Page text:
- Group Discounts: Venues may offer discounts for groups purchasing tickets together, Providing this option can attract organized groups or businesses to an event. Organizations are also going to publicize the event to their members who will share it on social media as well. This can be a good way to encourage build buzz and get more people to the event.
- Season Passes: Entertainment venues may offer season passes for customers who want to attend multiple events, such as a concert series. These passes may come with additional perks such as priority seating or discounts on concessions. Season passes provide a discount to those purchasing tickets over purchasing each of the shows separately.
Variable pricing can be a useful tool for entertainment companies to optimize revenue and manage demand, but it can also be controversial, as it can lead to some consumers paying more than others for the same event. It’s important for entertainment companies to communicate clearly about their pricing strategies and be transparent about the factors that are driving price changes.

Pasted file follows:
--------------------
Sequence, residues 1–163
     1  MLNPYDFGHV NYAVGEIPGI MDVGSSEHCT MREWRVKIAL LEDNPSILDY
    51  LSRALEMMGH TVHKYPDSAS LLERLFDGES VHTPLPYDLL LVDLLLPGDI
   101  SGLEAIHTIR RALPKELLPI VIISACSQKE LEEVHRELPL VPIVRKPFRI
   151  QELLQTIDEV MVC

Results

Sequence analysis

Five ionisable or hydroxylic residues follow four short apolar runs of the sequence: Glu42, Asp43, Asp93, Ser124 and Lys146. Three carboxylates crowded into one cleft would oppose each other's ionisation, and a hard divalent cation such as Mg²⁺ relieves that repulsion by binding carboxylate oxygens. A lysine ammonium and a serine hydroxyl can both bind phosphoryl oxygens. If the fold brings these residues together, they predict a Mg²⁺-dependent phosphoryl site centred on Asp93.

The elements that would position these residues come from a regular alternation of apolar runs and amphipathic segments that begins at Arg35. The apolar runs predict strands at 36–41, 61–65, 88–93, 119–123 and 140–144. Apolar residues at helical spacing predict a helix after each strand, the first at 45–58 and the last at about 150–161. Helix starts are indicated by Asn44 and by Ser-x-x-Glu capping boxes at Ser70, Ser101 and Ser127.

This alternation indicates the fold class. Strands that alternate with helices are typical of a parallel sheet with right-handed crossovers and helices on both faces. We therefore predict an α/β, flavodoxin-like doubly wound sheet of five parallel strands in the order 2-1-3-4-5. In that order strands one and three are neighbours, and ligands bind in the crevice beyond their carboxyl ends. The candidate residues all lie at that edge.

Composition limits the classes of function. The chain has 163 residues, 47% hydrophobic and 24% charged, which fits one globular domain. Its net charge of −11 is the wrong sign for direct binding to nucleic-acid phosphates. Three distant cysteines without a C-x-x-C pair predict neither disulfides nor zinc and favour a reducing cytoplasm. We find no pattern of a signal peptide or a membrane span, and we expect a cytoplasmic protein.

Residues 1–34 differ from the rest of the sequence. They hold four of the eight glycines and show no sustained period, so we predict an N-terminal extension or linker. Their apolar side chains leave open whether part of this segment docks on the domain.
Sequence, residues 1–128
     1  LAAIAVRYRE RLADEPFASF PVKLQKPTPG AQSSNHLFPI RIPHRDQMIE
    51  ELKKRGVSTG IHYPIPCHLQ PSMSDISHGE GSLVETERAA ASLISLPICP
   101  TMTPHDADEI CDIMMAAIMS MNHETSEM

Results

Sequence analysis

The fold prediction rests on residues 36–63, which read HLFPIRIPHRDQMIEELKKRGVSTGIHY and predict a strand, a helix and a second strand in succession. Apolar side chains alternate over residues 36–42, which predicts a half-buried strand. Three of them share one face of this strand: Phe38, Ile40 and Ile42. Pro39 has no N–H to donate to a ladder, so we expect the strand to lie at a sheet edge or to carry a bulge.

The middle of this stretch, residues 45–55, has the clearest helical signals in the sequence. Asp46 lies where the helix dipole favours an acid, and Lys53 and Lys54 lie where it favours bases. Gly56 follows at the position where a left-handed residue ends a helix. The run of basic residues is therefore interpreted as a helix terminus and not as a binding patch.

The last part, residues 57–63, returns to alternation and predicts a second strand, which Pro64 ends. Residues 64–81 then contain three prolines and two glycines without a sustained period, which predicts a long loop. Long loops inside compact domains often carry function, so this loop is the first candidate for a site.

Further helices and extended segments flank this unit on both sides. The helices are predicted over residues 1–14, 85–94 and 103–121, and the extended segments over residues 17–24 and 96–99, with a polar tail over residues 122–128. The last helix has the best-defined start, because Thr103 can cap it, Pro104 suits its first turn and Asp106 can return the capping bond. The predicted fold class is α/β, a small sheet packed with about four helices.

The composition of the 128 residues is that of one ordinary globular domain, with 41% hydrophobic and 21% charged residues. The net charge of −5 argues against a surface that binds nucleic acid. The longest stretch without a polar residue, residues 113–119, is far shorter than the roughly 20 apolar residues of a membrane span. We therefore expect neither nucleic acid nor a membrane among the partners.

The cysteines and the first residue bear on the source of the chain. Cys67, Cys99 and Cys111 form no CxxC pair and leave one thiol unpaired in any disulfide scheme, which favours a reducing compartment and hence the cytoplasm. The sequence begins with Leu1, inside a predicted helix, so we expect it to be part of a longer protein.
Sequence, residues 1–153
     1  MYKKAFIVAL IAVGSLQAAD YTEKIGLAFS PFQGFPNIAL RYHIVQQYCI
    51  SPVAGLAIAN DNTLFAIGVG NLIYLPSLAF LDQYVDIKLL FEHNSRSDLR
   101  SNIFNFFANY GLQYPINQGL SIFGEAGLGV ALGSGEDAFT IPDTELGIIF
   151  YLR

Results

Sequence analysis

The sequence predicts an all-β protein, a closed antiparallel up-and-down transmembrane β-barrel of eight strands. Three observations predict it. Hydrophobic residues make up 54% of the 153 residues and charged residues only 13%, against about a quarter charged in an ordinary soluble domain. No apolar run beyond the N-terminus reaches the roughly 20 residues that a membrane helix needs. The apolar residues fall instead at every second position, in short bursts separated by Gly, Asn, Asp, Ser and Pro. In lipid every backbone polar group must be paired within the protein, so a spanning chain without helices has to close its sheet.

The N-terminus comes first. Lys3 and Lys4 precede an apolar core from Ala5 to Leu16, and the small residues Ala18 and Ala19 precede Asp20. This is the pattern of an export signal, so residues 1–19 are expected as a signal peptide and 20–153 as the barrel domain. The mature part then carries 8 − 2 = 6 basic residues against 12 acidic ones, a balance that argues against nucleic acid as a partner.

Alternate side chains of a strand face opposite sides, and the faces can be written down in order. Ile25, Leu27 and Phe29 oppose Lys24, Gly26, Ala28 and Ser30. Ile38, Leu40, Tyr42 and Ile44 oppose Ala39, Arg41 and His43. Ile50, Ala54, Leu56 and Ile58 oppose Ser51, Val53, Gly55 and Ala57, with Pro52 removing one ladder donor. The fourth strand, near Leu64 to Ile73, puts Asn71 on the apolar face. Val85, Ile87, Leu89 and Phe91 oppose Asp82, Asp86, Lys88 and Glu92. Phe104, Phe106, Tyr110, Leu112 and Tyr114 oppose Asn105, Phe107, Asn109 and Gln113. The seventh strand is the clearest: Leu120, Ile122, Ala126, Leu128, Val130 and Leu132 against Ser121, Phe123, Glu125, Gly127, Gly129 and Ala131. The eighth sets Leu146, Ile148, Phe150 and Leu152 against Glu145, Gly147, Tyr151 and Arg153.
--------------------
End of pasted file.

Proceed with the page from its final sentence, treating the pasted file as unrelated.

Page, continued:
The right ticketing pricing tactics can maximize revenue and fill the venue for ticketed events. A good service-oriented ticketing service like TSE’s can help you in the process.